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I (Jarvis) grew up in a rural town in the American South where racism was normal, both in overt and covert forms. The ugly word “nigger” was a common white epithet for black people that black people internalized and used as well. As a black/brown person of mixed ethnic heritage, I couldn’t go to certain white communities, and some people spoke of black people in dehumanizing ways, even to our faces. Growing up in that environment, I often struggled with the question, Is there something wrong with my skin color?

For almost two decades now, as I’ve lived in a city and traveled around the country, I’ve seen that racist ideologies and constructs exist beyond rural communities—albeit in subtle and socially acceptable ways.

For parents, this social reality means we need to talk with our children about racism and ethnic difference. Below are three pressing reasons why we believe this work is so vital.

1. Current Racial Division

Racism isn’t just something that happened in the past. Tragic events in the news show that racism is deeply embedded in the American social fabric. This evil is also in the church, despite racism’s complete incompatibility with the gospel of Christ. Many churches fought against equal rights for blacks during slavery, reconstruction, and the era of Jim Crow laws. You can hear this ongoing legacy in the way some Christians speak about brown immigrants particularly, as well as black and brown people generally.

I (Jarvis) remember the time my son overheard a child say he was stupid because he had “brown skin.” This incident happened in a predominantly white Christian context. He has continued to be deeply grieved by expressions of racism in American culture. One evening we spent a long time talking about the image of God, sin, racism, and the gospel, as he peppered me with tearful questions. Even as an 8-year-old, he recognized the ways our culture, and even Christian spaces, prioritize whiteness and marginalize his brown skin. As a Christian father, I must work diligently to assure my son that God loves his brown skin, that brown skin is beautiful, and that white skin is not superior to brown skin.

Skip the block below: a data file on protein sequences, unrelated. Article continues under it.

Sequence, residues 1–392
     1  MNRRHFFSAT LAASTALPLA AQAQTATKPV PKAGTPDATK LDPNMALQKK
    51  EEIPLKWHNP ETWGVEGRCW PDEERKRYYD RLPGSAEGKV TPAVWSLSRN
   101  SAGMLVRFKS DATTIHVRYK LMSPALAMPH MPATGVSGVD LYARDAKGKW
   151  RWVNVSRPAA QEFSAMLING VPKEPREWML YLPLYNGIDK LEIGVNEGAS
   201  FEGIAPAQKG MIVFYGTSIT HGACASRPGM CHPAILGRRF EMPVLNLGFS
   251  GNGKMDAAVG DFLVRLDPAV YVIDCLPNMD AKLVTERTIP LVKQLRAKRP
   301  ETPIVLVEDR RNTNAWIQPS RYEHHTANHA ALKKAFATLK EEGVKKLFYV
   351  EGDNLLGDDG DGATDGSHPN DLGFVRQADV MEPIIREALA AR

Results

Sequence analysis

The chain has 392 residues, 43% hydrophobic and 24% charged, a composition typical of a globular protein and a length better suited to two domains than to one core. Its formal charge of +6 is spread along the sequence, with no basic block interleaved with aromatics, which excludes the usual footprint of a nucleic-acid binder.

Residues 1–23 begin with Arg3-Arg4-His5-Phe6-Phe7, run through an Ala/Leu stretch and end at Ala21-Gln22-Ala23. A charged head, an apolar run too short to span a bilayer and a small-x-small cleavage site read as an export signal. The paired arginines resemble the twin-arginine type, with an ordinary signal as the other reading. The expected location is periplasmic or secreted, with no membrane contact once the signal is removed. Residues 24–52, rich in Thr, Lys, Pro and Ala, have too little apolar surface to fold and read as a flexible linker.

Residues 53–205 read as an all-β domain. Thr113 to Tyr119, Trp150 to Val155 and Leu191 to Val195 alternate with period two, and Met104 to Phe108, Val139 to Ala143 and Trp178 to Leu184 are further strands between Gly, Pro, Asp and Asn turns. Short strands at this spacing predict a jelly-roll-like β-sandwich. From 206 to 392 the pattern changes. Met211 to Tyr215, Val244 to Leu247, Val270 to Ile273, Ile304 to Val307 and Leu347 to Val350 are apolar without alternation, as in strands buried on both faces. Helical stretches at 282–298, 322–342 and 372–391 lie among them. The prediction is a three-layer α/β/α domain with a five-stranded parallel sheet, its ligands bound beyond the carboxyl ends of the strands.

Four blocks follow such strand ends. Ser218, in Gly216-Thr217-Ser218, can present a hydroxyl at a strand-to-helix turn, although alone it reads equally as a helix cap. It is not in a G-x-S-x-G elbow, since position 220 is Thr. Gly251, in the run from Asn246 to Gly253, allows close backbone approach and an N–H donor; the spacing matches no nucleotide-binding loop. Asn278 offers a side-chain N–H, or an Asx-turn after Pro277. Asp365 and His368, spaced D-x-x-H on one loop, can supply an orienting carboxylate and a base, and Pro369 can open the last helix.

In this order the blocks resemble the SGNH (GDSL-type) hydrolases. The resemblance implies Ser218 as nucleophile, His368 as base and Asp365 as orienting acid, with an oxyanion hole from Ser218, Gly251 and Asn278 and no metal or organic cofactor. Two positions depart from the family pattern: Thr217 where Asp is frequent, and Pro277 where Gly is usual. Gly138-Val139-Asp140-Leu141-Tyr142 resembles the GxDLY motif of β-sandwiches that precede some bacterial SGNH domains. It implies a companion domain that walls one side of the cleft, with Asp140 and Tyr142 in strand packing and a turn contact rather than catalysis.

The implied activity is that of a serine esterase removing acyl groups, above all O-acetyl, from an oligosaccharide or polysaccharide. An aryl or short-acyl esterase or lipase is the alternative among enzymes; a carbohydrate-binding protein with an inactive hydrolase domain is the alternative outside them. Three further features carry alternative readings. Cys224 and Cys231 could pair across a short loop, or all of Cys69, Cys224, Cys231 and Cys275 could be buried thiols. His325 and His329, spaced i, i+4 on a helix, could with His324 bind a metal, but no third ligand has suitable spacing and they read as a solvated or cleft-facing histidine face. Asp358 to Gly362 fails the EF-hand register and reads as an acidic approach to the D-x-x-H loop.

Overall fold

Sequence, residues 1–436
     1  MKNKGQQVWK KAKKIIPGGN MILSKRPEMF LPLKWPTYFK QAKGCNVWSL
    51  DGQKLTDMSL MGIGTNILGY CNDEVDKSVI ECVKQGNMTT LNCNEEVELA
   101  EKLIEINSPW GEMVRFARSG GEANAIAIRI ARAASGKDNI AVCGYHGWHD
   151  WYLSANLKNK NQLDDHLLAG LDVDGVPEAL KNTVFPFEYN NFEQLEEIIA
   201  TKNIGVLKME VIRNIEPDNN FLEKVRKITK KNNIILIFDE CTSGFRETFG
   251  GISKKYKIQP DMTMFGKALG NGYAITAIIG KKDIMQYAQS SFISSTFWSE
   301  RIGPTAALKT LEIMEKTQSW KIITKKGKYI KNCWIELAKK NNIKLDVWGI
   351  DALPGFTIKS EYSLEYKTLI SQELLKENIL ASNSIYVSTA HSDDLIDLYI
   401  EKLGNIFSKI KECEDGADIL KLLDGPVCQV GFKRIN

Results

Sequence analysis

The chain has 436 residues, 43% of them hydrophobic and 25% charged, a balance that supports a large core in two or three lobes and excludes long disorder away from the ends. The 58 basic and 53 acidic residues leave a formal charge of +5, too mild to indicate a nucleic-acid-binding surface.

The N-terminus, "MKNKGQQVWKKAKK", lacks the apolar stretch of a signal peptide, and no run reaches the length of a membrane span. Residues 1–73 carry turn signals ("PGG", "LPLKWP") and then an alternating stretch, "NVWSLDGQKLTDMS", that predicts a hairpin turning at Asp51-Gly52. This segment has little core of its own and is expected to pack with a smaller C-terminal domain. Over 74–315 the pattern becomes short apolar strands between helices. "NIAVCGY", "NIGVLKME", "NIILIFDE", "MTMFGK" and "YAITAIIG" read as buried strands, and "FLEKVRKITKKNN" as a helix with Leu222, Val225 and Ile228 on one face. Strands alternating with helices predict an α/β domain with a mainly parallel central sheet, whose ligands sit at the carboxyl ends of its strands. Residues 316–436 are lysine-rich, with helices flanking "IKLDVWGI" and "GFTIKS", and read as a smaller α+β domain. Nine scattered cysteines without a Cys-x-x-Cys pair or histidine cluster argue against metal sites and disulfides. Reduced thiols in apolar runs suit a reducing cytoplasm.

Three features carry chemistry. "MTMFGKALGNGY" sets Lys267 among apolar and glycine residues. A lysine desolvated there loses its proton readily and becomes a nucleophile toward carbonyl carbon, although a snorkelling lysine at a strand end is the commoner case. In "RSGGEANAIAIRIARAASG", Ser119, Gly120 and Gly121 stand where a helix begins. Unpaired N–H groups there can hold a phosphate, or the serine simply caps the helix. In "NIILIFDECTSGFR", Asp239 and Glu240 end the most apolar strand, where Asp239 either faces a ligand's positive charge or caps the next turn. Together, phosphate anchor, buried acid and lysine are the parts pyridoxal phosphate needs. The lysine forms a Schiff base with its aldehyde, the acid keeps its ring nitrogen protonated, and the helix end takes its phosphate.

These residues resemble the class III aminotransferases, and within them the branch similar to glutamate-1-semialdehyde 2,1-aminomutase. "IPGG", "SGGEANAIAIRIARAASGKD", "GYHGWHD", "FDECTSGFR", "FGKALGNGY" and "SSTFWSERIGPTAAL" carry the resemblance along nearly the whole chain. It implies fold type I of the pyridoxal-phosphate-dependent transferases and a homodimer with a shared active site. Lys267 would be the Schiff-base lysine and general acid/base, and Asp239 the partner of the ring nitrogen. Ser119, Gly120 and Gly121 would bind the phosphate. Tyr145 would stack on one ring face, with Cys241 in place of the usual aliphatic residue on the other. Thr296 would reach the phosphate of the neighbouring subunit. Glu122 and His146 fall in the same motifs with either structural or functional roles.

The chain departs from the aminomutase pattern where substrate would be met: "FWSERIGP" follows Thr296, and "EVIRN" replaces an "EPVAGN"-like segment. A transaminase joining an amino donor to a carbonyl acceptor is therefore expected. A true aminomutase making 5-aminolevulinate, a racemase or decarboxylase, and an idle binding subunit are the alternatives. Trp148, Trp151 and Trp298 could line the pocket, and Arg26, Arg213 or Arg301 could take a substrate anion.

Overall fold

Like it or not, the reality of racism means we’ll be forced to have these uncomfortable conversations with our children.

The reality of racial division in our country means that Christian parents of all ethnic backgrounds must teach their kids about the gospel, race, racism, ethnic difference, and discrimination. Like it or not, the reality of racism means we’ll be forced to have these uncomfortable conversations with our children.

2. Racism Is a Systemic Problem

Discrimination is deeply ingrained in the structural fabric of the United States, including many Christian spaces and institutions, often showing up in subtle ways. To be clear, this doesn’t mean every person intentionally practices racist behavior, nor that every problem experienced by black and brown people in America results from racism. But even when people don’t intend it, we—and our children—inhabit a racialized society where one’s perceived race provides advantages or disadvantages.

We must equip our kids to understand the society they live in so they can wisely navigate it with a gospel lens.

Our social order placed non-white men, women, and children—people created in the image of God—at the bottom. This order was created by explicitly racist policies and laws like slavery, Jim Crow, and the exploitation of immigrant workers. The destructive effects of this social order are still felt today.